Particularly sharp Voice fans will already have seen this next blind audition, which was also leaked before tonight: it’s bar musician Christian Porter, looking to make that jump to the next level of his career, and doing an incredibly different arrangement of LMFAO’s “Sexy and I Know It.” This is not as novel as, say, Chris Cauley’s version of Bruno Mars’ “Grenade” from Season 2. It does, however, get Shakira to make a hilarious face just before she pushes her button. After the guys laugh at each other for awhile, Blake finally decides to join Shakira, and Usher gives in too, making Adam the lone holdout. The Grammy winner quips that he thought it was possible he was listening to something non-human.

Adam: I think I was just perplexed because it was so unique and different, and maybe I’m just not ready for it.

Christian elects to go for Team Blake, putting the defending champion ahead in the “number of artists collected” tally. After a completely needless break for the lovely Christina Milian to tell us things we already know, it’s time for our first montage of people who were not lucky enough to make the cut.

If you weren’t depressed by that montage, it’s followed by 15-year-old Leah Lewis, who credits her father as her major musical influence and wants to be successful so that he doesn’t have to work as he gets older. Her rendition of Carrie Underwood’s “Blown Away” doesn’t earn any turnarounds, though, and the coaches tell Leah that she just needs more time and practice, with Adam encouraging her to keep at it as she leaves. Leah needs a second afterward, but who can blame her? Thankfully, there’s a commercial break afterward so we can all take a moment to cheer up.

Kris Thomas arrives, explaining how he had “creative differences” with label executives that caused him to lose a record deal, and ended up in a bad state. He snapped to his senses after passing out at the wheel and nearly driving into someone’s house, and now he’s determined to earn a second chance. Kris proves that a guy can sing Whitney Houston’s “Saving All My Love For You.” Shakira is the only one to turn around for him, but everyone seems surprised that this is not a woman. While this is treated as a huge shocker, it’s worth noting this isn’t the first time one of the coaches has mistaken a male artist for a female one (see: Tim Mahoney), although it’s definitely impressive that a guy can pull off a selection by one of the biggest female singers of all time.

Next we meet James Irwin. He has another sad story, talking about how he and his wife lost twins before successfully giving birth to a son. Can we stop making people cry on camera? Anyway, James’ version of The Script’s “The Man Who Can’t Be Moved” doesn’t get anyone’s attention. Adam calls his performance “a little bit subdued” and Shakira suggests that he deserves to come back next season.

The final performer of the night is the one Voice fans met last week: Judith Hill, who worked briefly with Michael Jackson and performed at his memorial service. One hopes she won’t be constantly associated with him the way that Jermaine Paul was regularly referred to as Alicia Keys’ backup singer. All four chairs turn around for Judith’s version of “What A Girl Wants” (one wonders what Christina would have thought!). Adam climbs the furniture to give her a standing ovation, says she did the song as well as Christina, and makes an awesome declaration, saying that he’s “going to claw everyone’s face” to become her coach, and if that’s not enough…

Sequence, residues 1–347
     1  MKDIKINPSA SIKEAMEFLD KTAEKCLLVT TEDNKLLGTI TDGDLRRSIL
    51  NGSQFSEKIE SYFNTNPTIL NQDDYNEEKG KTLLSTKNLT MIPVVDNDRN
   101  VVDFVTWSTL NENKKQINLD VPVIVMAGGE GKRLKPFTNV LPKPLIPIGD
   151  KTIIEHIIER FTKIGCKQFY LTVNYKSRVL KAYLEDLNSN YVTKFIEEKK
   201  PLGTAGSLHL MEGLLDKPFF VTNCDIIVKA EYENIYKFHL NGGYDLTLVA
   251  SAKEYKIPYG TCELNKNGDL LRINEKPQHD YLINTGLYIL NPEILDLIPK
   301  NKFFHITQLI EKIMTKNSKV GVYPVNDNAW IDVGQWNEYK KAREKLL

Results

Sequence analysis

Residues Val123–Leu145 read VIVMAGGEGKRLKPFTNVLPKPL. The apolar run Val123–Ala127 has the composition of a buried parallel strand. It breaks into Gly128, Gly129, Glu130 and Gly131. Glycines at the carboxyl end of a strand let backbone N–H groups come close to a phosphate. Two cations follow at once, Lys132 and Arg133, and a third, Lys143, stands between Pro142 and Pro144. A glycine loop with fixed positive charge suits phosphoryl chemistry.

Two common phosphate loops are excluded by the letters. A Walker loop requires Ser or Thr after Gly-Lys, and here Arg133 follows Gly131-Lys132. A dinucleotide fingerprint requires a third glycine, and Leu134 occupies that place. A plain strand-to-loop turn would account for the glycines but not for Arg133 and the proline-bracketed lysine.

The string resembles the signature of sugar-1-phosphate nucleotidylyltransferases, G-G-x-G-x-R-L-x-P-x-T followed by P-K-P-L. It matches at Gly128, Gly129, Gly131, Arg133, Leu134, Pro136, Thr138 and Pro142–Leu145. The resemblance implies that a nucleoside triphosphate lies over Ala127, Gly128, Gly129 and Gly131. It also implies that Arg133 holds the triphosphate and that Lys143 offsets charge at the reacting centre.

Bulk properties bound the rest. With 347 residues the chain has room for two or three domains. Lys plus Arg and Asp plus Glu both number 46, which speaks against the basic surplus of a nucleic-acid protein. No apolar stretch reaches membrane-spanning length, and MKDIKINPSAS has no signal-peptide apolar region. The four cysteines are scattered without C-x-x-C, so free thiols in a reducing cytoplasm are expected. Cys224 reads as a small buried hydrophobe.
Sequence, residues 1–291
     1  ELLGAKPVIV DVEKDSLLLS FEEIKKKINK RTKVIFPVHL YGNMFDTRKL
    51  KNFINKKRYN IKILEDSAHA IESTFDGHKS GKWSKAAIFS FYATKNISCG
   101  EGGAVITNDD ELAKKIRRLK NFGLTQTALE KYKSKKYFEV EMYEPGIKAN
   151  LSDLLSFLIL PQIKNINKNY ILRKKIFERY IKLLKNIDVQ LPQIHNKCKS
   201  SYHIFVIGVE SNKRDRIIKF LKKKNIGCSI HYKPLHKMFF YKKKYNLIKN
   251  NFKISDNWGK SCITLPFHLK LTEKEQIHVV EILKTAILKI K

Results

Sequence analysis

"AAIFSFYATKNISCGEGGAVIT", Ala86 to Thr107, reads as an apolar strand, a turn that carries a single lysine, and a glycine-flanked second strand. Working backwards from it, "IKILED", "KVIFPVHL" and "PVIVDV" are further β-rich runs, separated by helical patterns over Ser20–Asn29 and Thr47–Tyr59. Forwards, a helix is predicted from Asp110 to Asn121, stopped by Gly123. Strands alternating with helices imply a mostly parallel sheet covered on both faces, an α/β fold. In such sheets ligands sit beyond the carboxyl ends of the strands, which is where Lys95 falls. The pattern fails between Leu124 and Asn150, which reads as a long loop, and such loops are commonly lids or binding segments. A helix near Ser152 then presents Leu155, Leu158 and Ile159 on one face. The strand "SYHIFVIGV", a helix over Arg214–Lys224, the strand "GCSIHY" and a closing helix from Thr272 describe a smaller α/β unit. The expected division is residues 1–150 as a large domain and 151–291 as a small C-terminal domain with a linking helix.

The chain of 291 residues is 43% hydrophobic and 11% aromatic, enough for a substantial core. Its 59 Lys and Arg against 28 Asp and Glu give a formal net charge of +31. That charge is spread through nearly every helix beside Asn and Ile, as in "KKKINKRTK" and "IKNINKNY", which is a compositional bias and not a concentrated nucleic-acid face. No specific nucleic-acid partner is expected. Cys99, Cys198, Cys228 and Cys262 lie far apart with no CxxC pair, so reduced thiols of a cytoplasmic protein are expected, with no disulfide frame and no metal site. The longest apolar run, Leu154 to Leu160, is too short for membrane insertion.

Adam: I am going to light myself on fire to make sure.

This seems to work, because Judith becomes the first member of Team Adam Season 4. For his part, Blake is just disappointed that she doesn’t make Adam light himself on fire. Adam, for his part, declares that he can go home and faux-makes to leave before sitting back down.

With that, chapter one of season four is in the books. At the end of the night, it’s Team Adam 1/12, Team Blake 3/12, Team Shakira 2/12, and Team Usher 2/12, and the Adam Levine Expletive Counter sits at a surprising 0.

There are a lot of good things to say about this first look at Season 4. The new coaches mesh perfectly with the old ones, and their arrival has eliminated the moments of tension that were obvious in Season 2 and even a little in Season 3, as well as some of the things that could occasionally get distracting, like the flirtatious comments toward artists. That’s helped put the focus more completely on the competition. It also seems like the pacing of the show itself has slowed down, which is fantastic. Season 3 sometimes felt rushed, like the decision to go to two cycles a year disjointed the production, but this is more like the Voice of old.

If there’s any criticism to be had of this premiere episode, it’s in the editing. By now, it’s not really a secret that the pre-taped portions of the competition are not shown in the same order in which they were filmed. This is a fairly common practice in reality TV, so that’s not a big deal. But the editing in this case is particularly obvious, and made moreso by the voiceovers. It’s eyebrow-arching enough to arrange the episode so it looks like Adam Levine can’t land anyone for his team (which, by the way, also happened to Adam in season two), but to have Carson continually remind the audience of Adam’s apparent misfortune before every blind audition is just too much. There’s enough suspense in this show without having to manufacture more.

And while sneak peeks and previews have been around since forever, the decision to make the night’s best audition the one you choose to reveal early is a bit of a head-scratcher. It certainly built hype for the season, but it also seemed to take the air out of the end of the episode.